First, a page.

The US government announced yesterday (24 April) a plan to regulate electronic cigarettes under a federal law governing tobacco products, following the European Union’s lead.
The European Parliament and member states voted in February to approve a revision to the EU’s tobacco products directive that will regulate e-cigarettes for the first time. Up till now, the devices have not been covered by the law because they do not contain tobacco. Instead, they deliver nicotine through a liquid solution.
E-cigarette advocates have said it is unfair to regulate the devices as tobacco when they do not contain any, and that over-regulation will kill a valuable tool to quit smoking.
The new tobacco products directive, which takes effect next month, has become a lightning rod in the European Parliament elections campaigns – with many e-cigarette users blaming an urge for over-regulation by the EU for the law. The UK Independence Party (UKIP) has cited the new law in anti-EU campaigning.
However it was national European governments that asked the EU to set a standardised way of dealing with the new devices. The European Commission pointed out that if the EU did not set a standard way of regulating the devices throughout the single market, EU countries would have adopted a patchwork of different regulations.
The US regulation by the Food and Drug Administration (FDA), which still needs final approval, would be similar to the EU approach. E-cigarette companies would need to register their products with the FDA and seek approval for the ingredients contained in the solution. The regulation would also forbid the sale of e-cigarettes to people under 18, as for cigarettes.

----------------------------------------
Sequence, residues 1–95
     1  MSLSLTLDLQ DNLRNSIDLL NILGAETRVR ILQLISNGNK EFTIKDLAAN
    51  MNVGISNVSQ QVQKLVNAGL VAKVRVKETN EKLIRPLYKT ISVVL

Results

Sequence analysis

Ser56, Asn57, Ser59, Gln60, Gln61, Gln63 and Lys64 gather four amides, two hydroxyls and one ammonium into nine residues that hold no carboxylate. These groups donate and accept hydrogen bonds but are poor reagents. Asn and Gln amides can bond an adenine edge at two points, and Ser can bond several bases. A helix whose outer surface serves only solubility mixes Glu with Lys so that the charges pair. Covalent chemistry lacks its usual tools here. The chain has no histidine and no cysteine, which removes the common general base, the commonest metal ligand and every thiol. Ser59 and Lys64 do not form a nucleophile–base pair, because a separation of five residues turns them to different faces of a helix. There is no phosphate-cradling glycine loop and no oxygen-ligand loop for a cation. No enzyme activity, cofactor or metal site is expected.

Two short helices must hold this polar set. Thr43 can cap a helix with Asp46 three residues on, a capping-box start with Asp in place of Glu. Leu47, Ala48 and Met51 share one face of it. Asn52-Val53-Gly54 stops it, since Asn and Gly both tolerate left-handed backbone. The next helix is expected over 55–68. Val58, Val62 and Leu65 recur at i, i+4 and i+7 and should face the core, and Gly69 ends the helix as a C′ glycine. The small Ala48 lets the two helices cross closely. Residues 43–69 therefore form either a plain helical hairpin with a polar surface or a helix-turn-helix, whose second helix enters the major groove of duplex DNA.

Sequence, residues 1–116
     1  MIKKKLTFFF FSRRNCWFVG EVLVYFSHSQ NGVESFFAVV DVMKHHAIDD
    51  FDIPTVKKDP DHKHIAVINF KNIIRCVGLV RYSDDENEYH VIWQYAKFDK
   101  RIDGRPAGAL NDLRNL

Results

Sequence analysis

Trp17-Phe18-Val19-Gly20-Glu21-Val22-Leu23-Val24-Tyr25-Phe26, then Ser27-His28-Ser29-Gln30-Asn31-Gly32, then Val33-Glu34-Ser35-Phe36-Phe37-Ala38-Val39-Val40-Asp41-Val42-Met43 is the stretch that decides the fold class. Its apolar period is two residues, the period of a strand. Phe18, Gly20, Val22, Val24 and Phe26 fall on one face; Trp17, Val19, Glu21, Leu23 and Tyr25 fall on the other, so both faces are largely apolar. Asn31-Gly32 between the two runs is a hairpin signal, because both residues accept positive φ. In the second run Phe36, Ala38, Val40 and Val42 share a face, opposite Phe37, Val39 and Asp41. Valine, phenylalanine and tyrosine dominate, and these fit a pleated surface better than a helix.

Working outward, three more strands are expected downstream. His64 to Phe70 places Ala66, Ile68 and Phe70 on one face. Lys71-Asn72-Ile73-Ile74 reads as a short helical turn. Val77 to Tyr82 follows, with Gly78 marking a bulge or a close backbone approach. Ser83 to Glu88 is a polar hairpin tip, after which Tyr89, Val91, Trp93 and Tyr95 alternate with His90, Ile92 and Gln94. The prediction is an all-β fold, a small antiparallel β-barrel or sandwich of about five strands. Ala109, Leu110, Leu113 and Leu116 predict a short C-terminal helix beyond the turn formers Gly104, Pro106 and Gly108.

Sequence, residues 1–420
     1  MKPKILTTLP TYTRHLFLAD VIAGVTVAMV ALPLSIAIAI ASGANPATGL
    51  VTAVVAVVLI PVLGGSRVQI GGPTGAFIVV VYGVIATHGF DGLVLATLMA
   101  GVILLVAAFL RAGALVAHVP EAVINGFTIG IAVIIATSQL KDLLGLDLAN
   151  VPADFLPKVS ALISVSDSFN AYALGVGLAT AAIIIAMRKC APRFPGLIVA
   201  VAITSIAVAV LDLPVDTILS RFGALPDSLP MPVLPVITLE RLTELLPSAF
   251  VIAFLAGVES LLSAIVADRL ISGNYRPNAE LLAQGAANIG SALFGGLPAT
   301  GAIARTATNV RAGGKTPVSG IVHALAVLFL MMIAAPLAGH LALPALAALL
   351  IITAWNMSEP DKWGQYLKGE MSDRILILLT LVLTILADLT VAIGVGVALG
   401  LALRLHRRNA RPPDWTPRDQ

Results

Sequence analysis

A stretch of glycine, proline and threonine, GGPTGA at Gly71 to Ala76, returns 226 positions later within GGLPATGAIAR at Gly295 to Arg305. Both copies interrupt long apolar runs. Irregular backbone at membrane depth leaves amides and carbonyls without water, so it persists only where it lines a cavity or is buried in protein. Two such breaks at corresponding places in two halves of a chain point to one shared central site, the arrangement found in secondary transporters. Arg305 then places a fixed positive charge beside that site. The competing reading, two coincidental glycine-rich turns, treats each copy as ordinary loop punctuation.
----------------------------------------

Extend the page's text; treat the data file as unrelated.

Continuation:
The FDA would have to approve all health claims, and the companies would not be allowed to distribute free samples. Companies will be required to attach a nicotine addiction warning on their packaging. However unlike traditional cigarettes, e-cigarettes will still be able to advertise in television and print.
Reaction to the US law from the industry and users has been significantly more restrained than the reaction to the EU law – suggesting an air of inevitability following the EU vote. The Smoke Free Alternatives Trade Association, an industry association representing e-cigarette manufacturers, said in a statement that it welcomes FDA regulation.
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